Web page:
"It is confusing to go from a world with identified authority figures who regularly give you grades to keep you aware of the status of your accomplishments…to enter a world with no consistent metric of success and no clear authority figure to ask for your grades. You are not the only one feeling this and a million other fears, insecurities, confusions, doubts, etc. My five-year reunion was a profoundly uplifting experience as I listened to old friends with myriad interests and career paths all share the same sense of wandering and learning and fear and joy. We all laughed at how much easier our past five years would have been if only we’d been strong enough to admit we spent a lot of it feeling unsuccessful and small. Don’t think that your over-achieving self needs to have it all figured out all the time—none of your classmates do, either! And there is much joy and growth to be had in sharing your difficulties and learning from those of your peers.
One of the most important adjustments I’ve had to make is one of timeline. In your years as a student you are accustomed to measuring growth and progress on what are in reality very short timelines. In college you are expected to be 25 percent through your Yale learning curve (or, culturally, even more) in just one year. And I know that I and many of my classmates expected to make similar leaps of achievement, learning, and growth in each year of our life in the real world. It’s more accurate to suggest that each decade of life (or even more) is equivalent to one year in college. You’re going to be a freshman in the real world for all of your 20s. (After all, your ‘senior’ citizen years don’t come until 40 years after college!) Rather than bemoaning this in the name of wanting to reach your highest goals now, try to focus on the joy and ease of this idea. Take the time to learn and value the journey along the way to your goals and focus on building your wisdom along with your résumé. You cannot rush wisdom, and it’s the wisdom that deepens life and its meaning. It’s easier to say than do, I know, but it’s a lesson I’ve learned through cracking a whip over myself for a good four or five years before figuring out it was neither necessary nor particularly effective.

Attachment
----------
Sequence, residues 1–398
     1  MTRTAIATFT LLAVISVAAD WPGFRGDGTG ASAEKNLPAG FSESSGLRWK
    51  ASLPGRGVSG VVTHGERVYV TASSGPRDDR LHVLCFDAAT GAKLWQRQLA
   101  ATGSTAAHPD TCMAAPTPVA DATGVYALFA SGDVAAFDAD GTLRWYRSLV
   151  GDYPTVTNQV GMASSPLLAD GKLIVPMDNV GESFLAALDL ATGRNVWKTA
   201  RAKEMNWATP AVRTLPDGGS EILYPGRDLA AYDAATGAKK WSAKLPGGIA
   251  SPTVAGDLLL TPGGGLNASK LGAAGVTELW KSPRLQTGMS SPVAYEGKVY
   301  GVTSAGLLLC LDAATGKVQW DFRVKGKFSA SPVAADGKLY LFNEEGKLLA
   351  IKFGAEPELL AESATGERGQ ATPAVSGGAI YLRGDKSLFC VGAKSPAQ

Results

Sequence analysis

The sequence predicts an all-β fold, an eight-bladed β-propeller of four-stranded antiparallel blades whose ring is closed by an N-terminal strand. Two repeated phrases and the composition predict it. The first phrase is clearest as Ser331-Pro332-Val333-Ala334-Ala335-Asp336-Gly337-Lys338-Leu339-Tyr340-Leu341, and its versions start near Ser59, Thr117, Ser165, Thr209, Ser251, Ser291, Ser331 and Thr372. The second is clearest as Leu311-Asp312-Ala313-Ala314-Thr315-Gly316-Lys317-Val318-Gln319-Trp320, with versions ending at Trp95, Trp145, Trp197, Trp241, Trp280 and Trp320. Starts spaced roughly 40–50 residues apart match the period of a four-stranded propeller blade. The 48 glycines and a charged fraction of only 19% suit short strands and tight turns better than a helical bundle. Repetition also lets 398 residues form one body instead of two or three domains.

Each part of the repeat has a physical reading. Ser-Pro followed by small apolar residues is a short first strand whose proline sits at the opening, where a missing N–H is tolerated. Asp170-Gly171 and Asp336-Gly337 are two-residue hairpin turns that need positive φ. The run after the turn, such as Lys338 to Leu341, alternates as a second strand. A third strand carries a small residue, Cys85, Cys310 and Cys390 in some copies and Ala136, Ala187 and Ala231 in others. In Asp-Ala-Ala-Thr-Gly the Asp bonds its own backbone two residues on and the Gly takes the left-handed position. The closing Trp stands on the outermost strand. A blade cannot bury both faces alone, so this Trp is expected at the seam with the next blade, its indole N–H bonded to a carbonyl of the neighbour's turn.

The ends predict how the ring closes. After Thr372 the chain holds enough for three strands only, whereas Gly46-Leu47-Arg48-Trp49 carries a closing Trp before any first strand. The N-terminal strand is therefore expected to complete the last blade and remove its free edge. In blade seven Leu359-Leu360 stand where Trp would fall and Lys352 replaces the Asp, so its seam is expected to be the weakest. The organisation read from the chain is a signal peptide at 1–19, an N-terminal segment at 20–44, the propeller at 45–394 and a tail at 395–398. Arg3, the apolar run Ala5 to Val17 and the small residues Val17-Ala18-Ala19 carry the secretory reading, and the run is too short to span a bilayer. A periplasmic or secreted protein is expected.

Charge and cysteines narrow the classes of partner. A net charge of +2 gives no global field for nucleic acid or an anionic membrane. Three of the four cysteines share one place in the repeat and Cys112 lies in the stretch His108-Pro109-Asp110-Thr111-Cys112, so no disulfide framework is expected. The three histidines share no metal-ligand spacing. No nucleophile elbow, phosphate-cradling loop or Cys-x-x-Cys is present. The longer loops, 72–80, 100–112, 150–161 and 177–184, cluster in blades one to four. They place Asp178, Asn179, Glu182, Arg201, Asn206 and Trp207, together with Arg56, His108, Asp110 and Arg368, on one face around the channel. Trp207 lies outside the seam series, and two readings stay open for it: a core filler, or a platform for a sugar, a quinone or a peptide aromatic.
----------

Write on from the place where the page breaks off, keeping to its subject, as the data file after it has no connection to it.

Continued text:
...In fact, I’ll even go further and say I started achieving more as soon as I started focusing on learning over achieving per se. (And I want to attribute a lot of these lessons to my friend Tyson Belanger, also MC ’98, who was featured in Yale’s magazine. He’sa first lieutenant in the Marines, and his journey in the military has taught me much about this. In the military, you cannot rush up the ranks, no matter who you are. You must pass, rank by rank, up the ladder, and you will not move up without first learning very concrete lessons at each level.) There is much wisdom in this... as smart people, we often think we can reason our way into the wisdom of someone considerably older. We cannot. We must make the journey. So we might as well enjoy it."
Sunday, November 29, 2009
Advice for Life After Yale (or finding your footing in the real world)
Published by Yale College Undergraduate Career Services, Life After Yale: A Survival Guide for the Class of 2009, features information regarding taxes, health insurance, the transition to the "real world," and career resources available to the class of 2009 after graduation. While this type of information is critical for the recent graduates who wonder if it's important to keep receipts, don't understand how credit cards work, or how to balance a checkbook, I'm convinced that the more compelling wisdom in this survival guide is the advice shared by recent alumni about making the transition to life after Yale. One particular gem comes from Steven Klein, Class of 1998:
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